Awkward About Socialising Again? 4 Ways To Ease Back Into Normalcy
The COVID-19 pandemic has made so many of us too comfortable in our bubbles. Initially, limited to close family and friends, these small, exclusive social groups are now expanding. With public spaces and offices opening up, concerns about engaging with the world outside are valid. Here’s how to deal with social awkwardness and re-learn the art of socialising without losing your mind.
At the time when Covid-19 is showing some signs of fade out, you might be feeling socially awkward to shake hands with strangers, hug your close friend or share a meal with colleagues. It is okay to feel that way. Experts say that now that we have been socially isolated for so long, it is inevitable to experience some level of anxiety or awkwardness.
It’s alright to have just two close friends, say ‘no’ to that party or reject a few invitations. “Take your time to re-learn the art of mingling. Practice self-care and socialise at your own pace. This can help reduce any uneasiness you may be feeling,” says Geeta Magesh, consultant clinical psychologist, Hyderabad. She shares some helpful ways to get back to normalcy.
1. Have a routine that you can ease into it: You were on a ‘no rush timetable’ during social isolation. The sudden requirement to re-meet people or attend live meetings can be an added pressure. Therefore, it is important to plan your day. “To start with, form a simple routine. Ease back slowly. Not everyone needs a fully scheduled day. You are unique. Take on what you can, and start with simple changes,” says Magesh. It is easier to find motivation to make small changes in your routine, overtime this can prepare you for re-mingling with people.
2. Listen to your body’s cues and trust your intuition: Your body silently knows what your mind is thinking. You can have sweaty palms, mild shiver, sudden stammers, lack of right words or urge to use the washroom when in a socially anxious situation. “These symptoms happen. Some people can have raised-heartbeat as well,” says Magesh. To deal with these symptoms, it is important to listen to your body. “Get attuned to those signals. Not listening and understanding them can make it worse.” Do a self-enquiry when you feel that a certain symptom is hitting you. Get intuitive and give your body what it needs—may be a few minutes alone or a minute of deep breathing. “For example, if you feel you cannot face a bunch of friends all at once, increase your social situations gradually. The positive experience with one situation can prepare you for further social exposures,” she says. Seek professional help if you feel unable to deal with social anxiety or experience panic attacks.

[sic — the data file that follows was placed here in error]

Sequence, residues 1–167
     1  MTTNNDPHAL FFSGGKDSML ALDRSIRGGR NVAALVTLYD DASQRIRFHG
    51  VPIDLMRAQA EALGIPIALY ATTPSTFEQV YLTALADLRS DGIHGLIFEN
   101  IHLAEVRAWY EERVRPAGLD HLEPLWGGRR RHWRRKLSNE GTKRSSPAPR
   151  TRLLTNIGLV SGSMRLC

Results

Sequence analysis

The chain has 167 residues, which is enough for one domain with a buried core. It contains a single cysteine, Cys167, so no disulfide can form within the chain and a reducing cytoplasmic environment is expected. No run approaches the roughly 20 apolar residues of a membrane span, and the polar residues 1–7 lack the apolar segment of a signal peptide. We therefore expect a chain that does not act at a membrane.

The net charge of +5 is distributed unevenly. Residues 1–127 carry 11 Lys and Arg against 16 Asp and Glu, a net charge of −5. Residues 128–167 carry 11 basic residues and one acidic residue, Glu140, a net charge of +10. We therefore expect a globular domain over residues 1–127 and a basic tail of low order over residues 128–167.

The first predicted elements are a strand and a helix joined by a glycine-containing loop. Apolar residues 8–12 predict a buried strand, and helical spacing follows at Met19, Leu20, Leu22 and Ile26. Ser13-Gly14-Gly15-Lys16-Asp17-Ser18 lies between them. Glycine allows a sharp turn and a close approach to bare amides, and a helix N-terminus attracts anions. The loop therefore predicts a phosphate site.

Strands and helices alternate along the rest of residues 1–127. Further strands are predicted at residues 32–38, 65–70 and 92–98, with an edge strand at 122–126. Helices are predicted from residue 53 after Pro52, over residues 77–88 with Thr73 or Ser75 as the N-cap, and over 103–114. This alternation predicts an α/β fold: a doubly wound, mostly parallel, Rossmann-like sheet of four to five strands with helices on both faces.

3. Confront the issue, avoidance coping is unhealthy: Acknowledge your emotions. Avoiding stress leads to more stress. Strive for ‘stress management’ rather than ‘stress avoidance’. A simple technique is to change the way you think about the stressor. For example, if you think that the other person is not following the line of social distancing and now you aren’t comfortable with that level of contact, “instead of feeling agitated or defensive” maintain a mindset that everyone will have a physical distancing plan that is unique to them. Try to be respectful of theirs while maintaining your own.
If you already feel that the social boundaries followed by a particular group/party is outside your comfort level, instead of completely ignoring or not acknowledging the situation, you can try saying things like, “I really appreciate your invitation. Thanks for thinking of me. I’m not comfortable with that amount of contact yet, but how about a movie viewing party, virtual meeting or video call, instead?” “Proposing alternate plans leaves the doors of communication open,” says Magesh.
4. Choose ‘expression’ over ‘touch’ to show care: There are a lot of unknowns that factor into socialising post pandemic. Given that there is a social awkwardness to a certain extent in the entire society—mainly physical contact—one way to cope with this newness is to be mindful of your touching behaviour be it a handshake, a hug, or a pat on the back. “All of us—have to adapt ourselves to this change,” says Magesh. “Because you do not know that you and the person you bump-into share similar comfort boundaries, it’s better to frame the conversations in terms of your feelings, rather than the actions.” You can say things like “I care about you and want you to stay safe” or “We are in this difficult situation together.” Showing concern via facial expressions and right words seems like the new roads of communication, concludes Magesh.